Our world is connected in ways few could imagine. One market rises and the news is motivation for others around the world. A disaster in one community echoes and reverberates in communities near and unconnected. We are inevitably linked together in ways we do not understand even as we struggle with our feelings. In this chaotic, often misunderstood environment, it is easy to find your mind and heart overwhelmed by the actions of others.
I would like to offer a simple prediction. Bad events are going to happen around your life and mine. By bad, I mean that dysfunctional, destructive, and painful events are going to swirl around us, touching us when we least expect it, pushing us towards an unknown destination. I do not have any particular inspiration for this except the knowledge that Evil is alive and thriving in your community and mine.
It is far too easy to be caught up in life’s rip currents. They often strike at the core of our being. Our faith in leaders and institutions is repeatedly shaken, beyond the point where we think we have no faith. Cynicism is now more than a natural reaction. It has become a way to protect one’s mind from the storm raging just inside our protective barriers.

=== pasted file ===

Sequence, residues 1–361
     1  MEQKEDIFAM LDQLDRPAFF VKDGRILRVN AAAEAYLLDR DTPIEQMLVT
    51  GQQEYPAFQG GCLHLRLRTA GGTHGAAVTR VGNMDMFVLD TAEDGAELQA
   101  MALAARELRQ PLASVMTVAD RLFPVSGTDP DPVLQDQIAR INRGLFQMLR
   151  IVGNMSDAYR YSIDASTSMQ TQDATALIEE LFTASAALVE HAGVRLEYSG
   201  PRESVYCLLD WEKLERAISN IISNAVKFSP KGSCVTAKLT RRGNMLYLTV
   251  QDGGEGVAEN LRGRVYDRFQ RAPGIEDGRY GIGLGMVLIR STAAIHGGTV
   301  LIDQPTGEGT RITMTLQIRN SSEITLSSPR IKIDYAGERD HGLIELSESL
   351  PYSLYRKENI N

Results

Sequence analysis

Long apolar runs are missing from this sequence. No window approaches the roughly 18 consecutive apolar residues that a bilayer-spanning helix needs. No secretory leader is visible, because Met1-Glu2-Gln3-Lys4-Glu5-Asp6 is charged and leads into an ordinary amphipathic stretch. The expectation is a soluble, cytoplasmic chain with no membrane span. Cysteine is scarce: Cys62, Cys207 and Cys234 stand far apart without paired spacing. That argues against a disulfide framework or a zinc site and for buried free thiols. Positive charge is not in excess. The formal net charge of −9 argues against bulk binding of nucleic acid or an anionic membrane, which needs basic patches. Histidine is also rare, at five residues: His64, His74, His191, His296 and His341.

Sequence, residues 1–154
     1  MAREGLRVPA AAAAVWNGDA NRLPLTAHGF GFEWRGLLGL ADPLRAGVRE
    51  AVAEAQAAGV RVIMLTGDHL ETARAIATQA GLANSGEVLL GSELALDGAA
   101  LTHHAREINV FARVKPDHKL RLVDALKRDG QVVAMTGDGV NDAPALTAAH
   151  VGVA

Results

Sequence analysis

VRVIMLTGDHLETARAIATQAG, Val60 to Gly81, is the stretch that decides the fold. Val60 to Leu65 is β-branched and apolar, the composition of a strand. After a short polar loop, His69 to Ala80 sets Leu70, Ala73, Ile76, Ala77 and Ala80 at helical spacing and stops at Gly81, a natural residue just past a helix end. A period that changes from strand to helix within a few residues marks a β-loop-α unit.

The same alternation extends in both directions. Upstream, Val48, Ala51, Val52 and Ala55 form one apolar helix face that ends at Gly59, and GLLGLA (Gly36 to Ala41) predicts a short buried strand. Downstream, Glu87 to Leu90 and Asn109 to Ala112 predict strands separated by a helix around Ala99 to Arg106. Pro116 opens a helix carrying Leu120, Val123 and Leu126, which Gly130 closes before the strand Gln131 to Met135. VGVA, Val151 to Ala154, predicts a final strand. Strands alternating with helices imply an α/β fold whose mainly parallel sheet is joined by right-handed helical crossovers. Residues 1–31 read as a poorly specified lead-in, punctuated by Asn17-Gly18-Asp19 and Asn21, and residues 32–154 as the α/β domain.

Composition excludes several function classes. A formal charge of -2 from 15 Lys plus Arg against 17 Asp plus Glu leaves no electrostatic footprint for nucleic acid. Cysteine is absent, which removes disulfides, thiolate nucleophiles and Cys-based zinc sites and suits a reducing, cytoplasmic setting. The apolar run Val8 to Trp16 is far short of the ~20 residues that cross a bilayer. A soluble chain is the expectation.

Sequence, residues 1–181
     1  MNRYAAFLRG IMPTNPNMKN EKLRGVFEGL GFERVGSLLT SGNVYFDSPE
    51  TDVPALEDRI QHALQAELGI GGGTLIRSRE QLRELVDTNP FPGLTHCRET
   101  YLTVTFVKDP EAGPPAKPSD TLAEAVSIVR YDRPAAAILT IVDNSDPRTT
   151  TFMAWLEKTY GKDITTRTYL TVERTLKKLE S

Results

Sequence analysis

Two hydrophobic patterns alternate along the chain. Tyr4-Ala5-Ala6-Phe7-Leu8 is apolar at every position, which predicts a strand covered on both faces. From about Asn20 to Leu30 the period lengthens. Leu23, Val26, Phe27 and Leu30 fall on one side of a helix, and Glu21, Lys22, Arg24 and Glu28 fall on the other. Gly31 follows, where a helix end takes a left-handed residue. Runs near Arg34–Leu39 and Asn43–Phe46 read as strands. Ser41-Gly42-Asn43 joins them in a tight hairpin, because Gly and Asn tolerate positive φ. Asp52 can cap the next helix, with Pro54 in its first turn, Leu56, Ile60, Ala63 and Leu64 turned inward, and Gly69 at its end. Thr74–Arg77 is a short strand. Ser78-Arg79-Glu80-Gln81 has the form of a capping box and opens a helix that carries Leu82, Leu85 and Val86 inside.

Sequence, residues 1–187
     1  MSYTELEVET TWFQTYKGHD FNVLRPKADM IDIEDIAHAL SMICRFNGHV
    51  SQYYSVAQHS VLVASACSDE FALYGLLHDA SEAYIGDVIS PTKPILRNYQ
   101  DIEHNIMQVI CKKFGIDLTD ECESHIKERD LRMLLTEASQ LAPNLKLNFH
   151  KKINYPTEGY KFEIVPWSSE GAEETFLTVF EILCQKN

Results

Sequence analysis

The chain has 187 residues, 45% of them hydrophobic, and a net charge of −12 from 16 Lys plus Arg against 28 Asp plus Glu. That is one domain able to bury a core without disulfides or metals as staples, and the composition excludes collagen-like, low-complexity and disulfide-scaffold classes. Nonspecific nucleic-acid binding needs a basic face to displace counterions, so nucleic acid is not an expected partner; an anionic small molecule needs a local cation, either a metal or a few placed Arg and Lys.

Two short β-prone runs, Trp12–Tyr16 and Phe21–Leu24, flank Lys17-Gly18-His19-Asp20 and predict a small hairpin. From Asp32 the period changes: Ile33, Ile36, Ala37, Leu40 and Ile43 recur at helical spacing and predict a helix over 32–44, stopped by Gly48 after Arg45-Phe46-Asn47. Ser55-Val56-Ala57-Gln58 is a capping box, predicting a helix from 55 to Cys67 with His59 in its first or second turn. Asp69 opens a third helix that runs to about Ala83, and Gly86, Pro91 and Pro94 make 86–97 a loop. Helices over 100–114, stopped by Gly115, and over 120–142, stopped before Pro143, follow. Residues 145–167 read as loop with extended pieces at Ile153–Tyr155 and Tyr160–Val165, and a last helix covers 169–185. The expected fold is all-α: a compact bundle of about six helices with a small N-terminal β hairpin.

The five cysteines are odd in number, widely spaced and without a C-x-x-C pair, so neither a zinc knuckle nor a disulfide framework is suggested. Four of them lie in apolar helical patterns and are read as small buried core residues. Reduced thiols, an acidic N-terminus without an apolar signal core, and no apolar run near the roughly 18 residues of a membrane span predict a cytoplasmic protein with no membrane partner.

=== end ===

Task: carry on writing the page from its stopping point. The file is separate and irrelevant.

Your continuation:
We are not the first to face this kind of chaos. In an old time, “He [King Herod] murdered James, John's brother. When he saw how much it raised his popularity ratings with the Jews, he arrested Peter—all this during Passover Week, mind you—and had him thrown in jail, putting four squads of four soldiers each to guard him.” (Acts 12.2, 3) There was no truth in his actions. His decisions did not make the world a better place. Yet, it was their place and time.
Today is ours. Their reactions then are a model to us now. We can confront evil with love. We can respond to greed with compassion. We can respond to fear with mercy. We can give acceptance in the face of uncertainty. Today is about making a difference.